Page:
PQMD Members Aid Nepal Earthquake Victims

PQMD Members Aid Nepal Earthquake VictimsThe membership of Partnership for Quality Medical Donations (PQMD), a global alliance leading the development and championing of high standards in medical supply and service donations, is committed to working in collaboration with other organizations whose focus is to ensure a coordinated response to disasters.

On April 25 2015 a devastating earthquake ripped through the South Central Asian country Nepal. It was at a magnitude of 7.8 and its epicenter was the district of Lamjung. It killed more than 8,800, injured more than 23,000, and affected more than 8 million people. A second 7.3 magnitude earthquake hit a few weeks later, killing and injuring more. It was the worst natural disaster to hit Nepal since the 1934 Nepal-Bihar earthquake.

The disasters created a situation where hospitals were in critical need of medical resources; district hospitals and other health facilities were crippled, and the already week health infrastructure was stressed and stretched to the limits, almost immediately. The population was in need of urgent medical support, supplies, and equipment to help those with injuries sustained in the earthquakes. In addition, there were equally urgent needs of a massively displaced population at high risk of other communicable diseases, due to exposure, and lack of clean water. PQMD members, through well-established partnerships and collaborations, were able to contribute to the disaster response by fielding teams that were on the ground within days of the tragedy, bringing teams of doctors, donated medical supplies, hygiene kits, and equipment from companies such as Johnson & Johnson, Merck, Astra, and Pfizer which were quickly distributed throughout the country.

Since those initial challenging days, PQMD members and their partners have been implementing relief efforts. Several of the organizations have had long standing offices and operations in Nepal and countries nearby, making the response time very short, and having the opportunity to make significant impact during the early days of the crisis. In addition, many of the corporate members have made major amounts of cash available to distressed areas, dispersing it through partner NGOs and organizations on the ground, working directly with the most affected.

Direct Relief, Heart to Heart, and Water Missions International in partnership, airlifted 118,771 pounds of medical materials to Nepal. The materials are equivalent to 6.2 million daily doses of medications. Direct Relief additionally purchased $260,000 worth of medical materials in India through Doctors for You that were then sent to Kathmandu, Nepal. They also procured safe birth kits from a company in India to deliver to hardest hit areas.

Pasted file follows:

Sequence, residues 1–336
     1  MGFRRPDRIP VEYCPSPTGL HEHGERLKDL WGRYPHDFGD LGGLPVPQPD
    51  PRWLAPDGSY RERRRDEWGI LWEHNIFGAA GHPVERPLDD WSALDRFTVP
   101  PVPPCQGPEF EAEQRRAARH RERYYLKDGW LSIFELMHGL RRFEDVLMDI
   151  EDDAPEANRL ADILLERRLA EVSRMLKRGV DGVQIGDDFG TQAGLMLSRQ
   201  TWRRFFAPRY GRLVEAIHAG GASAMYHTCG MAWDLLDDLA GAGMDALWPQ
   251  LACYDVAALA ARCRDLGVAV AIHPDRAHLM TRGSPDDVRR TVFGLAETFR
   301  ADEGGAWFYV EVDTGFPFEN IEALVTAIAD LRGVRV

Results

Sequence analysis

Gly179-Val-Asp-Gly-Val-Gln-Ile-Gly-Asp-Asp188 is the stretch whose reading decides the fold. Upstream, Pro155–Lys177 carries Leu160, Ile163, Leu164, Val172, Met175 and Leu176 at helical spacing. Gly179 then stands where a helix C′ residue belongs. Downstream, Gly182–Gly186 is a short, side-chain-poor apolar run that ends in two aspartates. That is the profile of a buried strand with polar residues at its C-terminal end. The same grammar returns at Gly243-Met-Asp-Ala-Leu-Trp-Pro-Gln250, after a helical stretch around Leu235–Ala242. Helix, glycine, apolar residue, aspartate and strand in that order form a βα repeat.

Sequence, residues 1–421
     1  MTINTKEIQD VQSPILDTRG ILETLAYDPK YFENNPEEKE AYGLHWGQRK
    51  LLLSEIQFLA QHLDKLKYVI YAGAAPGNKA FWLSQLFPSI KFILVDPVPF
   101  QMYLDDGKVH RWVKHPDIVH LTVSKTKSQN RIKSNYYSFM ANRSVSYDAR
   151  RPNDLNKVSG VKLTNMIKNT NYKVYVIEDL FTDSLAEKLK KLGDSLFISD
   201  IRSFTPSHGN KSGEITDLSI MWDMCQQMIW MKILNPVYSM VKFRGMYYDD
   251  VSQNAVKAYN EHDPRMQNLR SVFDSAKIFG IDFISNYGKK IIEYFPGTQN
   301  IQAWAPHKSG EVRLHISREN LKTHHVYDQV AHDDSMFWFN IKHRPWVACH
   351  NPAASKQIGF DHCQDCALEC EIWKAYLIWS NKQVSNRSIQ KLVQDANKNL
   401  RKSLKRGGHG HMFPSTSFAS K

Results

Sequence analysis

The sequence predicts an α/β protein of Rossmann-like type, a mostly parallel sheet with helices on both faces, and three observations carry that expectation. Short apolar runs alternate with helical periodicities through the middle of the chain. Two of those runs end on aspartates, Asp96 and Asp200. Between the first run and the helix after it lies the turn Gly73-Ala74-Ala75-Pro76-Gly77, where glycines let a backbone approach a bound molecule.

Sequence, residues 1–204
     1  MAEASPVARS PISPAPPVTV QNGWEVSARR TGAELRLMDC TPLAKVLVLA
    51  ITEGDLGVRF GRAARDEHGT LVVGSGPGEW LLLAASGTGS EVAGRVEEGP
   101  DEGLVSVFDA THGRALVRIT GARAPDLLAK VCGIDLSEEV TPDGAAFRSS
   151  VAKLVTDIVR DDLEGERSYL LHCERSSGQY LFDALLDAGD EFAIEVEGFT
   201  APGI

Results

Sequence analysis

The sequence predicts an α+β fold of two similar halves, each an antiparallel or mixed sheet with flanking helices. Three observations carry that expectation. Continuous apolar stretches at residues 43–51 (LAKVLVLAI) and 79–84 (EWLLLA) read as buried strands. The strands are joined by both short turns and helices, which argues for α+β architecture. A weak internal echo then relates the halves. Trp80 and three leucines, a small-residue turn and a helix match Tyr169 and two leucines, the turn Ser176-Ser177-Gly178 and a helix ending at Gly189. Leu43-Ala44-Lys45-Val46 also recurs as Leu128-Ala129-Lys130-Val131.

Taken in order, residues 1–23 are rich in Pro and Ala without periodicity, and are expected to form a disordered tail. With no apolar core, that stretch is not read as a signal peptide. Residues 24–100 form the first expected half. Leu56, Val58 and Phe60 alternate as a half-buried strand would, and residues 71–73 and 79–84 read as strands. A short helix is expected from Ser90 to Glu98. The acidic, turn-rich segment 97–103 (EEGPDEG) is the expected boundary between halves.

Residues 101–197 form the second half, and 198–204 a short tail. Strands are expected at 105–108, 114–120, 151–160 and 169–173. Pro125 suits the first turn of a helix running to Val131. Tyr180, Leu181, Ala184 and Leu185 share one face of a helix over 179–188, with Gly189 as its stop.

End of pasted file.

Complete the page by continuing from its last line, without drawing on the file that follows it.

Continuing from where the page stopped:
AmeriCares and World Vision have been heavily involved in response activities. AmeriCares sent out an early response team consisting of aid workers and experts to survey the situation and bring supplies to the most remote and difficult to reach areas. They arrived with medicines and supplies within 48 hours of the earthquake. World Vision, distributed thousands of sheets, blankets, and food items to affected families. A number of their aircrafts successfully landed in districts with tarps, blankets, hygiene kits, tents, and other critical supplies.

International Medical Corps has been working with the Ministry of Health in Nepal to identify what is needed. They have established and are operating mobile medical units in hard-hit districts, and are continually expanding such units to other affected areas. Resources have been allocated toward the mobile medical units to ensure that there are working staff, tools, and medication to treat patients. The threat of waterborne diseases has become a major concern. Hence, International Medical Corps have mobilized to deploy hygiene promotion and distribution campaigns in order to keep families healthy and prevent the spread of communicable diseases. In addition to mobilizing medical supplies to provide care for 30,000 people for three months, they have also built 300 emergency latrines to provide access to safe sanitation for 6650 people. Looking towards the longer term, IMC teams have also provided training and capacity building for health workers.

PQMD member organizations have responded fast and expansively in the wake of the disaster. They are continuously pushing forth efforts to ensure that the effects of the tragedy do not claim any more lives and to help those who have survived overcome the great challenges that exist. Many members of PQMD are committed to continuing to provide support as needed, and expect to remain in Nepal for many years to come.

For more information about our organizations activities visit americares.org, or imc.org.